‘ALIQUAL is not a site-specific history. It’s a story about all of us and it is important that it is sustained and widespread. Because an earthquake can destroy the houses but only the man can destroy roots. The reference is to Iceland, rich country failed overnight without objective responsibilities of the inhabitants, to the economic crisis in Greece; to the limbo in which our country has lived for decades between well-being, incurable economic crisis, bad politics and lack of interest …’
On 6 April 2009 the land breaks into a jolt of magnitude 5.8 plunging everyone in a quick and unspeakable state of distress. As symbolic deployment of a coming era, all the sense of the documentarist Massimo Mastrorillo’s project is in its title. ALIQUAL is the result of the endless repetition of the word “L’AQUILA” until it loses its true meaning and seems to be an anagram. That is all that, post 2009, L’Aquila is no longer. It is no longer a christian simulacrum, a blackboard for the school, a floor, a building, the habits of a domestic dog. The reference to a certain place with a friendly aesthetic despite the dramatic events of that April is non-stop to remember, without claiming to sew the cracks up. The direction of the book goes to the succession of images that can detect plots of cultural and historical relations, now “failed” because broken. And here they stand, only the 88 prints, because all strictly vertical. With a digital camera and a flash, Mastrorillo visit the interiors of houses, symbols of the devastation, and chooses the study of fragments and pieces of the scene, showing an analysis where the episodic story-telling shows a strong identity of the place. The same place that paradoxically reveals itself in a unitary concept, within the limits of a context that is as recognisable as painfully theatrical.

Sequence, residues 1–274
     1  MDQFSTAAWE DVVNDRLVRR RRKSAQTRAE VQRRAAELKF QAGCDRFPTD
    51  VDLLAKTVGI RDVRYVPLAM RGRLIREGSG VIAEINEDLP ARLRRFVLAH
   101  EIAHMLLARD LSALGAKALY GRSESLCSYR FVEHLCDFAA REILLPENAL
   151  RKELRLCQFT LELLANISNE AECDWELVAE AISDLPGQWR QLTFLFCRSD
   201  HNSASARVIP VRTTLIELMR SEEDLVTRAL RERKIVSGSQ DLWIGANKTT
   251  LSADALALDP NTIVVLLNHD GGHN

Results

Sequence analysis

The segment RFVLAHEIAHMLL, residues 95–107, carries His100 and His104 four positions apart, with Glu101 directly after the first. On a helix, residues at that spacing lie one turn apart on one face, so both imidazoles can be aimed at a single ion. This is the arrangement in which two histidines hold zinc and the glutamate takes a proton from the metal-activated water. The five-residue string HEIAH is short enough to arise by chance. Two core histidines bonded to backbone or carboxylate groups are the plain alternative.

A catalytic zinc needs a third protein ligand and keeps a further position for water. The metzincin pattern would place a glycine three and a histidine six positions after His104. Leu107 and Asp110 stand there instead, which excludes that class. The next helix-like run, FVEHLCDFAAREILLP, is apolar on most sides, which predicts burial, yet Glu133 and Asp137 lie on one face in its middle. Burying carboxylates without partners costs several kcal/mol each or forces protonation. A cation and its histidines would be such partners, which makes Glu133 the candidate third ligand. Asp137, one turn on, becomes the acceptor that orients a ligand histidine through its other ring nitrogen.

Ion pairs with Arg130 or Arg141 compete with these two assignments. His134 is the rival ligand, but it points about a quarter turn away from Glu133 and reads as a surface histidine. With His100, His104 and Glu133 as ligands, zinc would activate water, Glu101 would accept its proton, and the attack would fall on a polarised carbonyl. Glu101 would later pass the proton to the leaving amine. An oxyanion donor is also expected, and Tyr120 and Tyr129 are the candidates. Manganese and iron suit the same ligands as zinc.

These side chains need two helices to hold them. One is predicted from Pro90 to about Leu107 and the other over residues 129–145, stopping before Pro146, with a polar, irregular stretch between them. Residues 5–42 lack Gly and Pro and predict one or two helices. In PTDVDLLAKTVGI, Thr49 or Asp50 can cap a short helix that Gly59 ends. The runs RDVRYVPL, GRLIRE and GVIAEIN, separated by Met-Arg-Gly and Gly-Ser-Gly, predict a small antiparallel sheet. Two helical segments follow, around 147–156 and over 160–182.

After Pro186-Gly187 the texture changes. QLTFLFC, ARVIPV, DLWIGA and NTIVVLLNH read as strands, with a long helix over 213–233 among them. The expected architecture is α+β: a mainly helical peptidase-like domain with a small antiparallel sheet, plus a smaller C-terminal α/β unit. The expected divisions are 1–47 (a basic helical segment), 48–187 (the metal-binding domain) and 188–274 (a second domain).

ALIQUAL – L’AQUILA is an enclave in the territory, locked and frozen as it was the day of the quake. It is the symbol of a city that is still without solution. Because after six years everything has remained as it was. And after more than 6 years after the first pictures of the wound L’Aquila, this new, vibrant portrait of a city that fights for the right to live with fullness and freedom his life confirms an essential reading in the landscape of contemporary reportage photography.
Massimo Mastrorillo is a photographer born in Turin and based in Rome. He has studied at The University of Perugia and is a graduate of the European Institute of Design, Rome.
Skinnerboox is an Italian Independent publisher focused on contemporary photography.